d. Both a and b are correct.

7. Which of the following terms best describes an organism that possesses a cloned fragment of DNA from another species?

a. uncloned

b. genetically modified (GM)

c. differentiated

d. genomic

8. Stem cell research is controversial because

a. of the source of stem cells.

b. stem cells may cure certain diseases.

c. stem cells are not yet differentiated.

d. stem cells are not yet determined.

9. DNA libraries are

a. stored in computers, so that they can be easily searched.

b. are an index of various organisms.

c. collections of DNA fragments that represent the genome of an organism.

d. a person’s unique electrophoresis banding pattern.

10. Restriction enzymes

a. cut DNA randomly.

b. cut DNA at specific sequences.

c. can create sticky ends.

d. Both b and c are correct.

11. _____ is the process a cell goes through to select which genes it will express.

12. This procedure removes a nucleus from a cell of the organism that will be cloned.

a. somatic cell nuclear transfer

b. transposition

c. cloning

d. electrophoresis

13. Scientists have used some types of _____ to transfer genes from one cell type to another.

14. _____ DNA is DNA that has been constructured by inserting new pieces of DNA into it from another organism.

15. This field of study examines the proteins that are predicted from the DNA sequence.

a. genomics

b. proteomics

c. transcriptomics

d. restriction enzyme technology

 

Answers

1. T 2. b 3. c 4. a 5. d 6. d 7. b 8. a 9. c 10. d 11. Determination 12. a 13. viruses or plasmids 14. Recombinant 15. B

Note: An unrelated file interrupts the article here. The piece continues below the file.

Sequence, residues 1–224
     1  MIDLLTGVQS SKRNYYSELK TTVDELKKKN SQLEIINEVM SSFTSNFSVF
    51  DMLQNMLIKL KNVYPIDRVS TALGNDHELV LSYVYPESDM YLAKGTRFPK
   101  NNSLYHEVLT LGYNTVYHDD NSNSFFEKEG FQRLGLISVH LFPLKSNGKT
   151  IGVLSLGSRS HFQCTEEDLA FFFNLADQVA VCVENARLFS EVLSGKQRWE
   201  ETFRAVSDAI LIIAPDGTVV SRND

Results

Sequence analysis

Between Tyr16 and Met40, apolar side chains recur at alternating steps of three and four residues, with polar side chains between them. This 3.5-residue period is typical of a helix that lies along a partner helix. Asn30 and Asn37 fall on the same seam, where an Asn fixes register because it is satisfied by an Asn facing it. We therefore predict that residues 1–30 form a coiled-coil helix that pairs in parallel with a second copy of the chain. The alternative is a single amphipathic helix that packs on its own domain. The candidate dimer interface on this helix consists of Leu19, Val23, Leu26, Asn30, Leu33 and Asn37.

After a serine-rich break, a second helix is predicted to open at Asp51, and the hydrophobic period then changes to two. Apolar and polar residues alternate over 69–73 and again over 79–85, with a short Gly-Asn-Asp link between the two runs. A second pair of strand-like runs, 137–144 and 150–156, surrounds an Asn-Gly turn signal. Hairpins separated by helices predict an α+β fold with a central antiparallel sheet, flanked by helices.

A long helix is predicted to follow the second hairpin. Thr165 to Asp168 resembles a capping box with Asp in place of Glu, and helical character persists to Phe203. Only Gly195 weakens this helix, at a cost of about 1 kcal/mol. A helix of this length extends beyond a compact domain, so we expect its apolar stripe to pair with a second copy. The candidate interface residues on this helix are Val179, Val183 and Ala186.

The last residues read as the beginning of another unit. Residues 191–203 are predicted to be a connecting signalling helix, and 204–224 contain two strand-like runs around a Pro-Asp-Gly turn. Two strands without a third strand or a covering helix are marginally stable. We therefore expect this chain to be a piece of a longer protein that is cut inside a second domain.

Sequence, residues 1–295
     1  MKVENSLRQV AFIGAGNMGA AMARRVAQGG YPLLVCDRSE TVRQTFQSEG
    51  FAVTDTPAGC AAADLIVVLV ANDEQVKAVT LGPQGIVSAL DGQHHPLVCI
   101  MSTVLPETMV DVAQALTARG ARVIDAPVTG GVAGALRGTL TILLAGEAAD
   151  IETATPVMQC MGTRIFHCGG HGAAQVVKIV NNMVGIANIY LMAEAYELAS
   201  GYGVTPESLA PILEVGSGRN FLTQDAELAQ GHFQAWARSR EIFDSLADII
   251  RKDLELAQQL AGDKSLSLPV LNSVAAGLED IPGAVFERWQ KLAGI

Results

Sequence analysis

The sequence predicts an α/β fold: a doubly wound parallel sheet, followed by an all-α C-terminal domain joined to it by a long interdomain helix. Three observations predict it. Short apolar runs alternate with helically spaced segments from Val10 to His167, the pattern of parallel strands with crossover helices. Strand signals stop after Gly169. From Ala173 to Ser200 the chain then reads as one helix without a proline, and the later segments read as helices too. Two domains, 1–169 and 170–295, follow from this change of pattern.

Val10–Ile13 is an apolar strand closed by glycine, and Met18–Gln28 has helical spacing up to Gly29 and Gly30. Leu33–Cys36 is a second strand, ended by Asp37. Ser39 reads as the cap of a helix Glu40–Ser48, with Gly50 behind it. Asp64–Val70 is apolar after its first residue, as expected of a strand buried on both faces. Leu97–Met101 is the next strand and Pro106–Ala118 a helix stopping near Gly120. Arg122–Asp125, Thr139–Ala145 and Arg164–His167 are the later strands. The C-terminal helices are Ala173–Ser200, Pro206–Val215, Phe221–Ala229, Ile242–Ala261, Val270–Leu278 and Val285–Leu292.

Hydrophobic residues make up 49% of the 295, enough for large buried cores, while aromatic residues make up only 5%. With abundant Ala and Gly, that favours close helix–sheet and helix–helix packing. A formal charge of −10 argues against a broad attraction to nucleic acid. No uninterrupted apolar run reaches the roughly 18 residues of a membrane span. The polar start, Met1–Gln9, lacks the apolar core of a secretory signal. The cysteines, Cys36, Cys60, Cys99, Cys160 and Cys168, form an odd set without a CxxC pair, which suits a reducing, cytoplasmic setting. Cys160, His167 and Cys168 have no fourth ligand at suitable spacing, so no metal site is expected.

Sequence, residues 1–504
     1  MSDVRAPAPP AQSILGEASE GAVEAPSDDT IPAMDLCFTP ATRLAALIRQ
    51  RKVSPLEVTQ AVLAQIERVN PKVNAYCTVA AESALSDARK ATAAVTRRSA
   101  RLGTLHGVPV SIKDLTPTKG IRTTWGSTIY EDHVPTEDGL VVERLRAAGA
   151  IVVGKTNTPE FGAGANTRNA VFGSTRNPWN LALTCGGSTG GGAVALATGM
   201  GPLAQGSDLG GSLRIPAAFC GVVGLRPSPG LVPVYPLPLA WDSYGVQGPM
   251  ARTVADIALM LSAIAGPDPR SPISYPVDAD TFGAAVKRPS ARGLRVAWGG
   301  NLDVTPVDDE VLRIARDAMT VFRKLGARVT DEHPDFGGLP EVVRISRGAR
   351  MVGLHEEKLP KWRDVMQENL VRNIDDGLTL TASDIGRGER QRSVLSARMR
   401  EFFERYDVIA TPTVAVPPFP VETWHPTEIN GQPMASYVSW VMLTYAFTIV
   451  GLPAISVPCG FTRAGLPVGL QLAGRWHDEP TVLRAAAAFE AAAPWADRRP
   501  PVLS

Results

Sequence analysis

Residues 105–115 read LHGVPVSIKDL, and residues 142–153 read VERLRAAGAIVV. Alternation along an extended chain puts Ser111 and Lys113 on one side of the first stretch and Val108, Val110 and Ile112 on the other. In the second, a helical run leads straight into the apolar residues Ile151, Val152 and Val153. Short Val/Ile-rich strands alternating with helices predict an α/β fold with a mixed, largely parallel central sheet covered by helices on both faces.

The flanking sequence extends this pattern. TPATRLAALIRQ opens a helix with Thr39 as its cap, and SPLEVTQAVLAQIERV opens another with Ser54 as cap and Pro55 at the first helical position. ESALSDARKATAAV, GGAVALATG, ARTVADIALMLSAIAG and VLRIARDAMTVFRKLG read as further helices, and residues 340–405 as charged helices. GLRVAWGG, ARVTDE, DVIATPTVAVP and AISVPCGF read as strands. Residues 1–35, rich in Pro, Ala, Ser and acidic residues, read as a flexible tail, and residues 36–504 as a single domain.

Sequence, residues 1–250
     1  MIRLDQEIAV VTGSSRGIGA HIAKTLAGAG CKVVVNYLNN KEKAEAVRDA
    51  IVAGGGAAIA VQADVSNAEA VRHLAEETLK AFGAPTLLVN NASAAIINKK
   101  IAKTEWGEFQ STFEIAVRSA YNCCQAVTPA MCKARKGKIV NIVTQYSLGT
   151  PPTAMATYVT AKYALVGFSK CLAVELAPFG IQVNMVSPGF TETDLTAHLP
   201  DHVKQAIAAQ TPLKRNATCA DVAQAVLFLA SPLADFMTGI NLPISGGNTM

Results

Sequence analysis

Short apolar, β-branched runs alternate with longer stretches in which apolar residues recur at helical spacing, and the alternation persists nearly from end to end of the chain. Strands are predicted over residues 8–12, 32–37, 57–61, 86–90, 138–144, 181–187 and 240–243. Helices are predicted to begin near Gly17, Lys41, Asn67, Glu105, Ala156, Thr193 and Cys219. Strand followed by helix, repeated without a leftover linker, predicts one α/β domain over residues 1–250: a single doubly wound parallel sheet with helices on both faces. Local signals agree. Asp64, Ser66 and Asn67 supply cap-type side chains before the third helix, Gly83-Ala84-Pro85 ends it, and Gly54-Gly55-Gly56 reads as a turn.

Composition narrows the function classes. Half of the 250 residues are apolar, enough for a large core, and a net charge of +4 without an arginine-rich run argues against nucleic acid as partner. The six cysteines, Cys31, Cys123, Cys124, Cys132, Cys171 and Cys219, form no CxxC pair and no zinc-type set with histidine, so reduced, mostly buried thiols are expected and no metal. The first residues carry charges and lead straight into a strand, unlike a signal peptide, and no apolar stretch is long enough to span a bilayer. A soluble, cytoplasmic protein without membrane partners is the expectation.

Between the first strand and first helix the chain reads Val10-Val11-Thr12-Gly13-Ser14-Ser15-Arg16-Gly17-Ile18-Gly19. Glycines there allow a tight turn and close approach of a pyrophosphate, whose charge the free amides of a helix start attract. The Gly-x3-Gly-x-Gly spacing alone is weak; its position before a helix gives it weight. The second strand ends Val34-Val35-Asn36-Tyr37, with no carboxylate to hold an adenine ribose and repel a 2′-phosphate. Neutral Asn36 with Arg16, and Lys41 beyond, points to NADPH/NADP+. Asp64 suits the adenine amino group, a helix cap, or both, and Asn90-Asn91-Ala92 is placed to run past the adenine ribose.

Thinking Critically

Crime Scene Work with DNA

An 18-year-old college student reported that she had been raped by someone she identified as a “large, tanned white man.” A student in her biology class fitting that description was said by eyewitnesses to have been, without a doubt, in the area at approximately the time of the crime. The suspect was apprehended and, on investigation, was found to look very much like someone who lived in the area and who had a previous record of criminal sexual assaults.

Samples of semen from the woman’s vagina were taken during a physical exam after the rape. Cells were also taken from the suspect.

He was brought to trial but was found to be innocent of the crime based on evidence from the criminal investigations laboratory. His alibi—that he had been working alone on a research project in the biology lab—held up. Without PCR genetic fingerprinting, the suspect would surely have been wrongly convicted, based solely on circumstantial evidence provided by the victim and the eyewitnesses.

Place yourself in the position of the expert witness from the criminal laboratory who performed the PCR genetic fingerprinting tests on the two specimens. The prosecuting attorney has just asked you to explain to the jury what led you to the conclusion that the suspect could not have been responsible for this crime. Remember, you must explain this to a jury of 12 men and women who, in all likelihood, have little or no background in the biological sciences.